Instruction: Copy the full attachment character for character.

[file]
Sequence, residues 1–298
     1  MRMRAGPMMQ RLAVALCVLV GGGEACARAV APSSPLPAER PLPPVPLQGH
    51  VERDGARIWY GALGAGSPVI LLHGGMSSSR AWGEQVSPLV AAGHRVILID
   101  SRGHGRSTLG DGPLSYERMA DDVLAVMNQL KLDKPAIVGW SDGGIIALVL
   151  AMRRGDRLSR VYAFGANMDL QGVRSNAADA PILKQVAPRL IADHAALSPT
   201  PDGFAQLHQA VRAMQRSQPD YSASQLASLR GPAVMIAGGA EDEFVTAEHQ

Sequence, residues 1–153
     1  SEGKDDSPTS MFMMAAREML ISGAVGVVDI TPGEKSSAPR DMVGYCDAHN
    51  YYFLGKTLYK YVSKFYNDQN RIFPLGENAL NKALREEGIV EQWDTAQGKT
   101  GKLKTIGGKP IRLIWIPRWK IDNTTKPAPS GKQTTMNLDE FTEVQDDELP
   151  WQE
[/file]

Sequence, residues 1–298
     1  MRMRAGPMMQ RLAVALCVLV GGGEACARAV APSSPLPAER PLPPVPLQGH
    51  VERDGARIWY GALGAGSPVI LLHGGMSSSR AWGEQVSPLV AAGHRVILID
   101  SRGHGRSTLG DGPLSYERMA DDVLAVMNQL KLDKPAIVGW SDGGIIALVL
   151  AMRRGDRLSR VYAFGANMDL QGVRSNAADA PILKQVAPRL IADHAALSPT
   201  PDGFAQLHQA VRAMQRSQPD YSASQLASLR GPAVMIAGGA EDEFVTAEHQ

Sequence, residues 1–153
     1  SEGKDDSPTS MFMMAAREML ISGAVGVVDI TPGEKSSAPR DMVGYCDAHN
    51  YYFLGKTLYK YVSKFYNDQN RIFPLGENAL NKALREEGIV EQWDTAQGKT
   101  GKLKTIGGKP IRLIWIPRWK IDNTTKPAPS GKQTTMNLDE FTEVQDDELP
   151  WQE